In my recent blog piece, “Black.”, there was a number of very thoughtful or interesting comments to further discuss. This, from
I’m from Flint, Michigan, and as a disclaimer, I’m so white that the SPF on my sunscreen is measured in scientific notation, so keep that in mind. However, living in Flint affords me a unique perspective, because it’s a city that’s 57% Black and 40% white. So policies like redlining? I see them first hand, because they affect me and where I live. Policies like zip-code discrimination? Yep. See it first hand, because my zip-code is targeted. Situations like totally white Republicans railing against lead in pipes poisoning children and then voting down bills that could help fund the removal of lead from pipes and paint because they’re “small government” – which often means “sticking my head in the sand until the problem goes away conservative?” Yep. Seen that.
I don’t experience them first hand, but I do definitely get caught in the fallout from racist policies, and not just because a substantial number of my friends and former co-workers get caught in them being Black or African-American, but because living in a predominantly Black or African-American community means I am in the blast zone for systematic racism. While it indirectly affects everyone, there are times when it directly affects me.
The thing to understand about racism in America is that it isn’t just racism; it’s economic inequality, because the two go hand-in-hand, like war and famine. Americans have had class distinctions for a long time, but we routinely ignore them, because we operate under the (clearly delusional) idea that all people are created equally. And because we’ve ignored them for so long, they’ve been allowed to calcify.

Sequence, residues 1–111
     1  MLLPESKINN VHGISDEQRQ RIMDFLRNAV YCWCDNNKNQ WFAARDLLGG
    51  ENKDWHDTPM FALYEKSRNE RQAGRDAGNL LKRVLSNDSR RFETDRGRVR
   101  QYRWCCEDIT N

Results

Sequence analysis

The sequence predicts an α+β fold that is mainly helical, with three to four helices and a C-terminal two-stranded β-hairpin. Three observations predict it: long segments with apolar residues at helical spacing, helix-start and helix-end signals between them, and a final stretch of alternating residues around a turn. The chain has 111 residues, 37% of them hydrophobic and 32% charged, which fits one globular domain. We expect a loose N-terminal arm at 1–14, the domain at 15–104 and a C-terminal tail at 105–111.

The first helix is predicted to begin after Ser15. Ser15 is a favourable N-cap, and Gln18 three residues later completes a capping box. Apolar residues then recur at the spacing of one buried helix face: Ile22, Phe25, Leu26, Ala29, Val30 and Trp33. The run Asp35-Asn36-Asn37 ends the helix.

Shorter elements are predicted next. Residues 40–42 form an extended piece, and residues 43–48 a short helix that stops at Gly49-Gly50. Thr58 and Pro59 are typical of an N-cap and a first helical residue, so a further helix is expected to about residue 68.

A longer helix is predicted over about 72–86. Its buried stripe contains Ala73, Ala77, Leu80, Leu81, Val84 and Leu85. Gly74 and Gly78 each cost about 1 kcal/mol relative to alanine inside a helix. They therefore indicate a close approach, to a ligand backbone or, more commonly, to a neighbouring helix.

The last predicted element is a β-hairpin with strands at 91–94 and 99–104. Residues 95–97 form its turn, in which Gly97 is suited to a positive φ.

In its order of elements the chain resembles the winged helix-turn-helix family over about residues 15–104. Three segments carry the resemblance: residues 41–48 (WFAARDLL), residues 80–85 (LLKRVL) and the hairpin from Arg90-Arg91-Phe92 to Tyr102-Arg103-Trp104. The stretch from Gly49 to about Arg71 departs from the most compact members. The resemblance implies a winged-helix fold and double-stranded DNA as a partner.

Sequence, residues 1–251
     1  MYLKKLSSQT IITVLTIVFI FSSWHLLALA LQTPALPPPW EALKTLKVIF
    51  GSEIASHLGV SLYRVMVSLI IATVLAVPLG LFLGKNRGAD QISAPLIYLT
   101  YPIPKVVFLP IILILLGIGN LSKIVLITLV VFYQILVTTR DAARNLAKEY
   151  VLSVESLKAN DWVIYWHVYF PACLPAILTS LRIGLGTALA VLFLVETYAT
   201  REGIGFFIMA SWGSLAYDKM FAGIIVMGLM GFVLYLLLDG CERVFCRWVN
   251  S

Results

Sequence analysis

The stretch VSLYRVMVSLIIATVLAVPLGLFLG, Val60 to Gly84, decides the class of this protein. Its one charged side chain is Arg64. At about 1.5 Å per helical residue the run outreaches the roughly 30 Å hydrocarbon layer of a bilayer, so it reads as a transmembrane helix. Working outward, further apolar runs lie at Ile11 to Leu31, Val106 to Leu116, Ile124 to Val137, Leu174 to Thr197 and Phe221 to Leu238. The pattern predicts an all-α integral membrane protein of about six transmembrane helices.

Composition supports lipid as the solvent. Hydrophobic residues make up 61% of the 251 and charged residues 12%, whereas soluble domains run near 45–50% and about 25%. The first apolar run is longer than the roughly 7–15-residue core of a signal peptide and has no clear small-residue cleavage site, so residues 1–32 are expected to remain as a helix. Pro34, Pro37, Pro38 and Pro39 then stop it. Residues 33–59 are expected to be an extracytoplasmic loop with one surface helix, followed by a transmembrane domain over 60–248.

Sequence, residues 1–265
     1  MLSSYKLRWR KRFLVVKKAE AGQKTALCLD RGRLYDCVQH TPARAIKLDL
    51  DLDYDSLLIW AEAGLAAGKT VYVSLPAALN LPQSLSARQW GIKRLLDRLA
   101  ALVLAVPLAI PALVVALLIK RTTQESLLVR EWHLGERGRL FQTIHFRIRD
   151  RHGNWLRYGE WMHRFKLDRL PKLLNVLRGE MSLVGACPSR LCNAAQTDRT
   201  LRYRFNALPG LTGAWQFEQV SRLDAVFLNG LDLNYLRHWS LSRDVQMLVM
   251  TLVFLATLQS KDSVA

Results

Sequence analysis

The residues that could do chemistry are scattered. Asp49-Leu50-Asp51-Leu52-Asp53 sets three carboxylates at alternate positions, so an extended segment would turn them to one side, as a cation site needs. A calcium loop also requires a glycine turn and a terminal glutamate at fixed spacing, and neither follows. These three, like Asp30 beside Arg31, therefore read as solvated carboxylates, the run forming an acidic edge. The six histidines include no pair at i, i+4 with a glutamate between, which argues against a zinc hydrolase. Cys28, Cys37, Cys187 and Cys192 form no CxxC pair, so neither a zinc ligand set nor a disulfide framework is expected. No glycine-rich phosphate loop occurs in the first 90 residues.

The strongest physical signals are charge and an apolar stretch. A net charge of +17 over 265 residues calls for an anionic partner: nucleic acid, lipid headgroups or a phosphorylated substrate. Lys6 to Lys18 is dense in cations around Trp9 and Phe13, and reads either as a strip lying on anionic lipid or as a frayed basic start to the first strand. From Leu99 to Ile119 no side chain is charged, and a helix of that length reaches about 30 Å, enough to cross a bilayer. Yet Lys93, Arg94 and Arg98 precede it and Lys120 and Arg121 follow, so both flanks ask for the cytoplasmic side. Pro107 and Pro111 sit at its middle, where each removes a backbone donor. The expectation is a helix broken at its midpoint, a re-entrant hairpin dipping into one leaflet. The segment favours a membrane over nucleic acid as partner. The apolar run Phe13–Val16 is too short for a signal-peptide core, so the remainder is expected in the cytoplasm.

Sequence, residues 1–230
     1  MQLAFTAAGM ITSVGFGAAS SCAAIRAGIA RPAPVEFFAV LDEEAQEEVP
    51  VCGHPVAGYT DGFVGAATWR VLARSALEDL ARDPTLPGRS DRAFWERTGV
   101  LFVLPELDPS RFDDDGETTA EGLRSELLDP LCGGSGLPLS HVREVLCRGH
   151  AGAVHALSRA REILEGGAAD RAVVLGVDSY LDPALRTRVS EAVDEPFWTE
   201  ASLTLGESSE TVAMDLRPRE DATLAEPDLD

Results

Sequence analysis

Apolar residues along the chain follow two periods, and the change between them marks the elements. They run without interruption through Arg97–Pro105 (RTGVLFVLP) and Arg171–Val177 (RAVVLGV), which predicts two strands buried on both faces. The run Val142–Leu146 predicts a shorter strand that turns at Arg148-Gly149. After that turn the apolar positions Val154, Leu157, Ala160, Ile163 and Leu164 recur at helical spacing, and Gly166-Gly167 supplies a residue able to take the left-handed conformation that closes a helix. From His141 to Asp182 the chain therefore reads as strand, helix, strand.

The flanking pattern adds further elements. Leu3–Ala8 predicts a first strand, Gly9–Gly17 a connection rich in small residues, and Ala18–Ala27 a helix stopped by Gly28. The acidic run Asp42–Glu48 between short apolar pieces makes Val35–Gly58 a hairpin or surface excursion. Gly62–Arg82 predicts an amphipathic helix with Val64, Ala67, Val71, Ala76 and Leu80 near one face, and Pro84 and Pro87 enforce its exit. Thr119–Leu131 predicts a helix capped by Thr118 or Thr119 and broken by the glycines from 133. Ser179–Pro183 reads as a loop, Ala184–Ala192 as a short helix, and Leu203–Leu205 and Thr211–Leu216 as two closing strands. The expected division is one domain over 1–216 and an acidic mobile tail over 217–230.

Understanding America’s problems with race and economic inequality requires wrapping your head around something really close to India’s caste system; perhaps not as formalized, but certainly every bit as merciless. That’s how bad things are. And just like the Brahmins will do whatever it takes to hold onto power, so will the wealthy whites. And just like India’s caste system, the one in the United States is often justified via religion; in this case, Christianity. And just like India’s caste system, it’s a problem that can only be solved through large-scale government action and a total re-visitation to the idea of a “society” and how a society is supposed to function.
We experience these things differently, and it’s interesting to hear a (very!) white man evidence and experience the inequality we are talking about. We might call this, tongue-in-cheek, “enemy attestation”. These structures, these institutions, these oligarchies and family corporate empires of great power are what need to be scrutinised.
Anne Fenwick packed her comment full of content: